Why the Pittsburgh Pirates Will Never Win

Anthony EmersonAnalyst IJune 4, 2009

NEW YORK - MAY 08:  Nate McLouth #13 of the Pittsburgh Pirates leads off second base against the New York Mets on May 8, 2009 at Citi Field in the Flushing neighborhood of the Queens borough of New York City. The Mets defeated the Pirates 7-3.  (Photo by Jim McIsaac/Getty Images)

Nate McLouth is just the latest good Pittsburgh Pirate outfielder to be traded from the team for two bags of balls.

Think about 2008. Jason Bay and Xavier Nady, two of the better players on the Pirates, were traded within weeks of each other: Nady to the New York Yankees and Bay to the Boston Red Sox. The Red Sox sent Craig Hansen, a reliever who could never figure it out for the Red Sox, and the expendable Brandon Moss to the Pirates, while shipping off Manny Ramirez to the Los Angeles Dodgers. Weeks earlier, the Pirates had traded Xavier Nady and Domaso Marte to the Yankees for Ross Ohlendorf, Jeff Karstens, and prospect Dan McCutchern.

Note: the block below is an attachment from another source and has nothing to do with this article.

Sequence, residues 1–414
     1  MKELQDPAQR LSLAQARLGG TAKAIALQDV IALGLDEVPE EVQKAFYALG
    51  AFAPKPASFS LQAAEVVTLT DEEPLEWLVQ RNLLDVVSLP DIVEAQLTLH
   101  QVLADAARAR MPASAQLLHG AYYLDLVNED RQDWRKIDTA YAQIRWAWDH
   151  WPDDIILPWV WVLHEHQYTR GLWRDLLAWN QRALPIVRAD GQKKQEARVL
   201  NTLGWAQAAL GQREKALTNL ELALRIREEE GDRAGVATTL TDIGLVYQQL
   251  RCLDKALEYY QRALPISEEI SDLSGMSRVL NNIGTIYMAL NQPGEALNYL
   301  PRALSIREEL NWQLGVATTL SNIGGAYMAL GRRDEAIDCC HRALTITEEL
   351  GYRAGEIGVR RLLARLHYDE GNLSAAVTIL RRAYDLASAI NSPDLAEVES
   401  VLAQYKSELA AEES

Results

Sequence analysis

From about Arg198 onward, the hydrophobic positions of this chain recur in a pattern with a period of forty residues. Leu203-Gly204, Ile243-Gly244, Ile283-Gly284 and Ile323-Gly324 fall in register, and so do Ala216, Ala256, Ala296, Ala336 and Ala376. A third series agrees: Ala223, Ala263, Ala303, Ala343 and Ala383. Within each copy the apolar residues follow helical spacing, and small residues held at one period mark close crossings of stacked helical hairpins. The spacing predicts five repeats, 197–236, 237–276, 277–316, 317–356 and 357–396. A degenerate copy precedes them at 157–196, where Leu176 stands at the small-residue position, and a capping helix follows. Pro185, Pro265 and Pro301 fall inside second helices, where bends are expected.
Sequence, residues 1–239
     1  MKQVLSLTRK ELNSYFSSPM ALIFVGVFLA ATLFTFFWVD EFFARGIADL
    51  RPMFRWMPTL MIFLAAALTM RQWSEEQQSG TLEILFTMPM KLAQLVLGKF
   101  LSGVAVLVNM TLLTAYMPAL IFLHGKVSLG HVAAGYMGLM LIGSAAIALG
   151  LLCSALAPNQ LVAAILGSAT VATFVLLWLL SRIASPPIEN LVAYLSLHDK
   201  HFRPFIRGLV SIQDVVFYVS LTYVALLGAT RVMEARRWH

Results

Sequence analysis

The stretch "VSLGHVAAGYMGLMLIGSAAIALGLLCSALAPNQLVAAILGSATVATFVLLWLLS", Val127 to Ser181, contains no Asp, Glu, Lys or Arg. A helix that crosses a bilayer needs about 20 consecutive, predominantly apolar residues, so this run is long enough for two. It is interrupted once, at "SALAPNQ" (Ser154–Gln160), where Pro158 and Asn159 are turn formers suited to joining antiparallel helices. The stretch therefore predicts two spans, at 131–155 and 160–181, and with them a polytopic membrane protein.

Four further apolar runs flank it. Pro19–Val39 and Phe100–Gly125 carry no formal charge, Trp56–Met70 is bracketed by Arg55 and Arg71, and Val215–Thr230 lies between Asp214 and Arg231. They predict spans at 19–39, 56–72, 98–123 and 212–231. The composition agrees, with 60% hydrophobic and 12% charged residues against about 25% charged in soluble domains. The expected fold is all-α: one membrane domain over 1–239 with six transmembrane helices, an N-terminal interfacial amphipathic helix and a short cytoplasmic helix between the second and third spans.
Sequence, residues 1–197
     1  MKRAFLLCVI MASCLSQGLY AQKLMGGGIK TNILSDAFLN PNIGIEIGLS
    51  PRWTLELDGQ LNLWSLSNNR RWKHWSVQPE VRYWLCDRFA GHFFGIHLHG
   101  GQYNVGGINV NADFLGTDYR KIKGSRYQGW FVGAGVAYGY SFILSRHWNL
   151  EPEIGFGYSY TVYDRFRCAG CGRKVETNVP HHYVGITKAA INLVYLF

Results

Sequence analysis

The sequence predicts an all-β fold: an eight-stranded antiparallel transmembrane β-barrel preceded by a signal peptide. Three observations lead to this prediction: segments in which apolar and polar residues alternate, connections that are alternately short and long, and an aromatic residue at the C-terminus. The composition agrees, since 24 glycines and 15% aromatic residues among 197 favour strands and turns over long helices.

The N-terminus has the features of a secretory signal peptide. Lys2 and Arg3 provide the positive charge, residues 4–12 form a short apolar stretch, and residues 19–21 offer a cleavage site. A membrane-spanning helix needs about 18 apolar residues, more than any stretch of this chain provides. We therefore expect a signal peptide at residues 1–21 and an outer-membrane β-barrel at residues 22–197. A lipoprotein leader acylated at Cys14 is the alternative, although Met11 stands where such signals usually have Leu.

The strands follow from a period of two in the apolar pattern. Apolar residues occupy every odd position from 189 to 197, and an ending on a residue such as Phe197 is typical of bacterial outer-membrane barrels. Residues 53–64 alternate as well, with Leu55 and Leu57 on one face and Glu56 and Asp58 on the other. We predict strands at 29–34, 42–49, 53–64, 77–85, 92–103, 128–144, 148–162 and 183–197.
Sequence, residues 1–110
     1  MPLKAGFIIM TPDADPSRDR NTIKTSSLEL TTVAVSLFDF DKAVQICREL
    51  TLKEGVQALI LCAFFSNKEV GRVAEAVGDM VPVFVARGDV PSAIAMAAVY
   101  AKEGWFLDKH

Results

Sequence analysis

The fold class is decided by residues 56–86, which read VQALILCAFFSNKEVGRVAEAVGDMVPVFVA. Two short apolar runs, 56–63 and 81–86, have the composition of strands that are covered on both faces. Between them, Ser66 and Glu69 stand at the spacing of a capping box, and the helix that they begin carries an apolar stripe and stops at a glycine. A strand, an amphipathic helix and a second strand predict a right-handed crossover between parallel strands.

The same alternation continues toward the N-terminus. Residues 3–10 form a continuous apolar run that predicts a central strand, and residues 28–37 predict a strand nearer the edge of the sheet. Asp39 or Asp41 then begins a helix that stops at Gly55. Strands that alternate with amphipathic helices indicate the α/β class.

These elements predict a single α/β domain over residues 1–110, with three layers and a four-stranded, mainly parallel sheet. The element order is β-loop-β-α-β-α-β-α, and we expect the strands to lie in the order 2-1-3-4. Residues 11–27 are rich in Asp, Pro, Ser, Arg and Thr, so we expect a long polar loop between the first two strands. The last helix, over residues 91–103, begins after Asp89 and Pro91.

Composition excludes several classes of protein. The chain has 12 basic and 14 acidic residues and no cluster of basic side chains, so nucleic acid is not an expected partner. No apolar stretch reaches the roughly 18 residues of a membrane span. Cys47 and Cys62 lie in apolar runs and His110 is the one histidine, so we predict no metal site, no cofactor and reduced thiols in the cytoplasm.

Karstens and Ohlendorf have proved to be terrible acquisitions for the Pirates. Moss wouldn't be a starter for any other team except for the Pirates, and Hansen still really hasn't figured it out, even with a change of scenery.

The Pirates traded McLouth to the Atlanta Braves to get Gorkys Hernandez, Jeff Locke and Charlie Morton. Have you heard of any of those guys?

Morton and Hernandez have been up and down in the Atlanta minor league system, and Locke is still waiting for his cup of coffee. McLouth was a Gold Glover last season, and an All-Star. What has Gorkys Hernandez done? What has Jeff Locke done? What has Charlie Morton done?

Unless one of them turns out to be an excellent prospect like Evan Longoria or Dustin Pedroia or Tim Lincecum, this has been a major loss for the Pirates. The Pirates have been building for the future since 1992, and they will still be building for the future in 2022.